Which was the best decade for guitars and guitar music?
Often, over a pint or two down the pub, serious life affirming questions get debated and that is exactly what happened with this one. A rather random question about guitars turned into a long, and at times rather heated, debate as to which was the best decade for guitars and guitar music. We all will have a particular opinion and sometimes that opinion can be swayed by other people’s comments and experiences. I thought it would therefore be an interesting exercise to throw it out there to the wider audience to see if there was a consensus. But before we open it up to wider discussion it is perhaps worth reviewing some of the milestones in guitar development and music. Before I get a load of complaints and comments this is not an exhaustive list but is perhaps a snap shot, from my point of view, of how guitar music has changed. You can perhaps see my particular musical preferences from the key areas discussed.
So here goes…
The decade of innovation – The 1950s
The 1950s seemed as good a place as any to start in our brief rundown of the key highlights for the guitar. We could have gone further back and started in the 30s with the release of the first electric guitar. But in my opinion the 50s was really when the electric guitar came forwards and took its rightful place at the front of the band. What made this possible? Arguably it was the launch of the Fender Broadcaster, later to become the Telecaster, in the autumn of 1950 that brought the solid body electric guitar to the masses. But with Gibson launching the Les Paul in 1952 and Fender launching the Stratocaster in 1954 the world of guitar music changed forever. Rock and Roll, which had been evolving since the late 1940s, suddenly got an instrument that was affordable, reliable and could make a lot of noise. No longer would the guitar sit at the back of the band and provide accompaniment. With advances in amplification the guitar moved to the front and became the focal point of the song. This change combined with the energy that was derived from the guitar altered the sound of Rock and Roll and made it the music of the younger generation Think of any of the bands and artists of the Rock and Roll era and the electric guitar is closely associated with their music.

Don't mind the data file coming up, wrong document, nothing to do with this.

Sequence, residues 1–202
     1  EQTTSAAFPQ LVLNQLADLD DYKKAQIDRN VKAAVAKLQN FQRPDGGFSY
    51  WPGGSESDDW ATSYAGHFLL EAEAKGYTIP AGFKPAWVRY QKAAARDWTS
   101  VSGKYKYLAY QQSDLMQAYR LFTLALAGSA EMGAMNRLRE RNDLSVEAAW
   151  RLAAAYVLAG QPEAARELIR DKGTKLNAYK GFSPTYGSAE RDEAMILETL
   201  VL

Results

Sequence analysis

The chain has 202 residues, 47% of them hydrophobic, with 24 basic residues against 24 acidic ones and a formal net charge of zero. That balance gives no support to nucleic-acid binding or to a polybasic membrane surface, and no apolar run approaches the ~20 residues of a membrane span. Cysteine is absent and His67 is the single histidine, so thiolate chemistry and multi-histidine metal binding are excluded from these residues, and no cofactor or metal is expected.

The decade of revolution – The 1960s
By the end of the 50s and the beginning of the 60s Rock and Roll was in decline to be replaced by myriad forms of rock, think surf, blues, garage and folk rock. But arguably it was the British rock scene with bands such as The Beatles, Cream, The Rolling Stones and The Who which defined the decade in terms of guitar driven music. Many of the young bands in the UK evolved from the 50s Rock and Roll scene but wanted to challenge what their parents were listening to by adding their own unique character. Therefore the developments that defined the decade were not in the guitars that the bands were playing but the way they were amplified and the effects employed. Bands and record producers were innovating with sound trying to challenge what could be done with an electric guitar. In the 50s there was Fender and Gibson, perhaps the 60s is therefore best represented by Marshall Amps. Amplification prior to Marshall was restrained. With the development of the Marshall stack the guitar was properly unleashed. It was Jim Marshall who responded to complaints, from the likes of Pete Townsend, that the existing amps didn’t have the right sound and weren’t loud enough that led to the development of the “Marshall Stack”. The
amplifiers of the time had the speakers connected to the amp limiting the volume. By disconnecting the amp from the speaker cabinet Marshall was able to put in bigger speakers with greater volume output. This combined with some changes to the construction of the amp led to the unique Marshall sound.
The Forgotten Decade – The 1970s